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Why are orbits elliptical?

Almost all of the orbits of planets and other celestial bodies are elliptical, not circular. Is this due to gravitational pull by other nearby massive bodies? If this was the case a two body system ...
15
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3answers
763 views

Why is Uranus's axis of rotation tilted?

The poles of Uranus are 'in the wrong place', why is this? historically, do we have any evidence of its past? also, do we have an understanding of how its rotational axis might be evolving?
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3answers
513 views

Why don't more rocky planets/moons have appreciable atmospheres?

It seems obvious why mercury has no atmosphere, given its proximity to the sun--but yet Venus is also fairly close, and has an extremely dense atmosphere. Titan is a large moon with an atmosphere ...
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7answers
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What is the current status of Pluto?

Pluto has been designated a planet in our solar system for years (ever since it was discovered in the last century), but a couple of years ago it was demoted. What caused this decision? And is there ...
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1answer
940 views

For observing planets what kind of telescope offers the best view?

I've heard that using a refractor is better than a reflector when it comes to planets to best reproduce their colors. But perhaps other factors can weight in too? For example, do you want a slow or ...
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What nonlinear deformations will a fast rotating planet exhibit?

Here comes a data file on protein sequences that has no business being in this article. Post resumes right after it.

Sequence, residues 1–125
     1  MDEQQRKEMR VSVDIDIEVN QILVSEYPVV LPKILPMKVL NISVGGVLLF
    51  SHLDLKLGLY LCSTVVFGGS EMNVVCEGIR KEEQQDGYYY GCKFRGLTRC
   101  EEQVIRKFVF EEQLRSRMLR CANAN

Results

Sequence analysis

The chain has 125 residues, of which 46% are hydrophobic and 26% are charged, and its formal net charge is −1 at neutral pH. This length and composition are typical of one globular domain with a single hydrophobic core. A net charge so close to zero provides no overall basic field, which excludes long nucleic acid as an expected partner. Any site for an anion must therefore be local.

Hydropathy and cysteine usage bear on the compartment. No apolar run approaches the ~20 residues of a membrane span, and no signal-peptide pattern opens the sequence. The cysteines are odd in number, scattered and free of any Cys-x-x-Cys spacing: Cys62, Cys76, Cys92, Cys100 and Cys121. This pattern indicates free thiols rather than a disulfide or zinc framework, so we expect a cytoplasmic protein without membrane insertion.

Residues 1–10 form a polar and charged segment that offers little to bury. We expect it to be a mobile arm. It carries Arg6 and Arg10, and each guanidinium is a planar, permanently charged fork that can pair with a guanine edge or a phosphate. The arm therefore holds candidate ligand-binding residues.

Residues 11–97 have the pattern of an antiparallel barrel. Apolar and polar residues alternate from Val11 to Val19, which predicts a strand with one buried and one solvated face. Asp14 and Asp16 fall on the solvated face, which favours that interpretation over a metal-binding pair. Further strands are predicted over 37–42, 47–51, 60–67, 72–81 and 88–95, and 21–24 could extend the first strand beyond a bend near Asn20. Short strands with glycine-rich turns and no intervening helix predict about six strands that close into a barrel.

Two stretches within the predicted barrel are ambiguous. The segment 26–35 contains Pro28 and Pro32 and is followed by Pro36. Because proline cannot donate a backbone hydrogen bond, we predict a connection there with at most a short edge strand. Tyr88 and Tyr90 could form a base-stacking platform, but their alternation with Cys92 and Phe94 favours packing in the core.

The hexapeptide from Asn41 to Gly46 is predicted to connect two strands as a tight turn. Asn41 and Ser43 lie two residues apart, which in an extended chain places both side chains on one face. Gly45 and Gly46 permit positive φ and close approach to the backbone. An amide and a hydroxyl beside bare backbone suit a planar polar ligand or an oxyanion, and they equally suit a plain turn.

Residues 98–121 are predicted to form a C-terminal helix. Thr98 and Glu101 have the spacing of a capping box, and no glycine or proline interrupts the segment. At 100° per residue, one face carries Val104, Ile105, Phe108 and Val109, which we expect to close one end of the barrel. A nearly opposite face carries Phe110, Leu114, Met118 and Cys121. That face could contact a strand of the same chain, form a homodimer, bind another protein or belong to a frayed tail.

It is common knowledge among the educated that the Earth is not exactly spherical, and some of this comes from tidal forces and inhomogeneities but some of it comes from the rotation of the planet ...
2
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2answers
240 views

Solar System Capture of Orphan Planets

NASA recently announced (http://www.nasa.gov/topics/universe/features/planet20110518.html) that orphan planets, planets no longer orbiting a star, may be more numerous than the stars in our galaxy. ...
2
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1answer
458 views

Metallic Hydrogen and Gaseous Planets

Jupiter has about twice the density of Saturn (1.33 versus 0.69 g/cm^3) because it apparently has a higher mass percentage of rocky core and of metallic hydrogen in its interior. Available density ...
5
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1answer
281 views

Determining Average Tidal Effects

Maximum tidal heights vary widely across the globe, from 16 m in the Bay of Fundy to mere centimeters elsewhere. These variations are due to coastline and shoreline differences. This makes it ...
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If it was possible to dig a hole that went from one side of the Earth to the other…

...And you jumped in. What would happen when you got to the middle of the Earth? Would you gradually slow down, until you got to the middle and once you were in middle would every direction feel like ...
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2answers
207 views

The size of the planets

What calculations were done to discover the size of all the planets?
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Why does the moon face earth with the same side?

I know that the rotation period of the moon equals its revolution period. It's just so astonishing that these 2 values have such a small difference. I mean, what is the probability of these 2 values ...
24
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4answers
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Would you be weightless at the center of the Earth?

If you could travel to the center of the Earth (or any planet), would you be weightless there?